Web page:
Owen WilliamsFormer TNW employee
Owen was a reporter for TNW based in Amsterdam, now a full-time freelance writer and consultant helping technology companies make their word Owen was a reporter for TNW based in Amsterdam, now a full-time freelance writer and consultant helping technology companies make their words friendlier. In his spare time he codes, writes newsletters and cycles around the city.
Wildcard, which launched in late 2014 as a way to browse the Web as cards instead of webpages, is launching version two of its app today and it looks very different (in a good way).
The original vision was a type of browser that presented data as cards, to help users decipher the information that mattered in a meaningful way. Today’s update changes that focus to hone in on news and nothing more.
It’s an attractive update that I’ve been using for the last few days and presents the news in a very readable way. It’s very simple right now, with a home screen that presents relevant news curated by a combination of human and machine curated techniques.
The coolest part of the new Wildcard is that each story surfaces a variety of different content to tell the story. To tell the news of Google’s Alphabet announcement, Wildcard showed me great tweets with commentary (and a few good jokes), relevant posts and the original story.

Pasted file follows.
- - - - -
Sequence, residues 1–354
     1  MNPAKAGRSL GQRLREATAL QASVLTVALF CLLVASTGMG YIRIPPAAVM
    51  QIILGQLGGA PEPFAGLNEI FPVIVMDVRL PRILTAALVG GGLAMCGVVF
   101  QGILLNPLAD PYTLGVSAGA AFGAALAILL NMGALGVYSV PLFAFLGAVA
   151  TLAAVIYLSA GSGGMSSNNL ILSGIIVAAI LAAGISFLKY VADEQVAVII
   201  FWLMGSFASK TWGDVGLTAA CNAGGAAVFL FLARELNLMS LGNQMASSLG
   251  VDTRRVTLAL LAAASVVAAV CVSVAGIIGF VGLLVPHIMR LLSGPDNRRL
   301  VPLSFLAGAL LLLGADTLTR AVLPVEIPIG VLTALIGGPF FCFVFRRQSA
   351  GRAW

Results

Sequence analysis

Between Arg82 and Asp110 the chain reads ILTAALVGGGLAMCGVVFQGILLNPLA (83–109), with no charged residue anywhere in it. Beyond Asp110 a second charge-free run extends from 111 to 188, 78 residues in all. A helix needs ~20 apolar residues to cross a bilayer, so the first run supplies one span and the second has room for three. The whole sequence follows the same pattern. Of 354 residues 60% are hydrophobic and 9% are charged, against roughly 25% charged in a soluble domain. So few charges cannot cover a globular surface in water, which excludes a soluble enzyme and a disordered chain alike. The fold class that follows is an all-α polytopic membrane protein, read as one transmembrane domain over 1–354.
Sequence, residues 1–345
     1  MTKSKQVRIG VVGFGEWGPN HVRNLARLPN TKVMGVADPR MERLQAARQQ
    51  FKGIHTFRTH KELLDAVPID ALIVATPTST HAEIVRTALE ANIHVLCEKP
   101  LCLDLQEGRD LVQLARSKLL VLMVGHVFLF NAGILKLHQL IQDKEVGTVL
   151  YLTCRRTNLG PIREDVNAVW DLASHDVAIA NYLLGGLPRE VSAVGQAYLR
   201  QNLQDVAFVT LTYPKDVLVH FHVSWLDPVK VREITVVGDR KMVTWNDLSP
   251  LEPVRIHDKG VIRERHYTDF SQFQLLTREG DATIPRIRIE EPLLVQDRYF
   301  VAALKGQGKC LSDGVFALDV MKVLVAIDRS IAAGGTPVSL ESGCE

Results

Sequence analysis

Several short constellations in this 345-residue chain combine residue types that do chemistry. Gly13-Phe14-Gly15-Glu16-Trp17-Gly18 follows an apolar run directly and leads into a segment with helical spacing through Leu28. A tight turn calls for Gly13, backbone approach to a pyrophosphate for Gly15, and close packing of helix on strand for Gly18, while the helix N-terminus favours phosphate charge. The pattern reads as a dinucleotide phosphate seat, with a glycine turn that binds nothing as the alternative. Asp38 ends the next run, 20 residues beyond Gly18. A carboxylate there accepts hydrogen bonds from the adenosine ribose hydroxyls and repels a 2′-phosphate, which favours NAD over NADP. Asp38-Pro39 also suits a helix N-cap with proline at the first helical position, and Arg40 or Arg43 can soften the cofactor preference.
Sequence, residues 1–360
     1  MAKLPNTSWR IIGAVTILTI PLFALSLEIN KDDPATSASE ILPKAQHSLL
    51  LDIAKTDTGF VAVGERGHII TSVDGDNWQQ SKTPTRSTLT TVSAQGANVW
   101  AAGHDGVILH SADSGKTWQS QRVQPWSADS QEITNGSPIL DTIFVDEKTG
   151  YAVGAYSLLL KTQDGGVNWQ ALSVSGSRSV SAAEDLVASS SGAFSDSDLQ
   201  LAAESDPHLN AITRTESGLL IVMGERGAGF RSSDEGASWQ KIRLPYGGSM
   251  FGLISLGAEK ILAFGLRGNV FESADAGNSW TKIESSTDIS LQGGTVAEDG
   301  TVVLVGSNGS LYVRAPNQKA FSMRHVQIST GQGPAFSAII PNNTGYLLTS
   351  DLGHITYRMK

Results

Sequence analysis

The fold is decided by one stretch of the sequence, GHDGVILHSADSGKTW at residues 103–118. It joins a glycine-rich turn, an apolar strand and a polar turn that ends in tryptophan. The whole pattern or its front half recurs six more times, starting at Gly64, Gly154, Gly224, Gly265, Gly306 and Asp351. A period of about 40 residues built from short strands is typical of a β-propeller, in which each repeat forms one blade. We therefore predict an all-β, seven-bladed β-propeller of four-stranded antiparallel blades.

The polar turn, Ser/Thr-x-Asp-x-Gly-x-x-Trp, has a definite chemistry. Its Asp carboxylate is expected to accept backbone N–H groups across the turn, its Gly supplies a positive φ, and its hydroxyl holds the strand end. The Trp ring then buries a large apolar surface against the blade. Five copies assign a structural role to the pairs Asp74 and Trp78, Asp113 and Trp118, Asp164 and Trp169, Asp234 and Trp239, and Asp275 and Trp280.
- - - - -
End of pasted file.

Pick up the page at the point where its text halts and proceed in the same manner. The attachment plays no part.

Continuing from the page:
The service presents news in a coherent way that even Twitter hasn’t pulled off yet — though Project Lightning is expected to debut with this functionality.
What got me wondering, is why the pivot into news when the original concept obviously had a lot more functionality including purchasing of goods and other content
I talked with Wildcard CEO Jordan Cooper about it over email. He told me that they had a proof of concept but found that “people didn’t buy anything.” Instead, the team discovered people read, watched videos and viewed images, so “doubled down on news and media.”
I asked Cooper if he sees the app as similar to Circa, which recently shut down due to financial difficulties, and he said it’s “not really similar” because “[Wildcard] doesn’t write articles […] and doesn’t plan to.”
Instead, Wildcard is looking at the “next 300 million people who aren’t on Twitter yet but should be enjoying continually updated news.”
How about Facebook Instant Articles and Apple News? Well, Cooper says that Wildcard thinks users can do better than the “small set of news that Facebook’s algorithm decides is appropriate for you.”
Even though there are a number of great news apps out there, Cooper thinks Wildcard can do well by applying a high level of design and technology on making it more consumable.
Wildcard’s bet is the results will speak for themselves, and it might expand into wider categories again in the future if that proves true.
I like the updated app, which adds a level of depth to news that I haven’t seen elsewhere, though to win me over from my favorite news app — BuzzFeed News — Wildcard will need timely push notifications to keep me coming back.
➤ Wildcard 2.0 [App Store]
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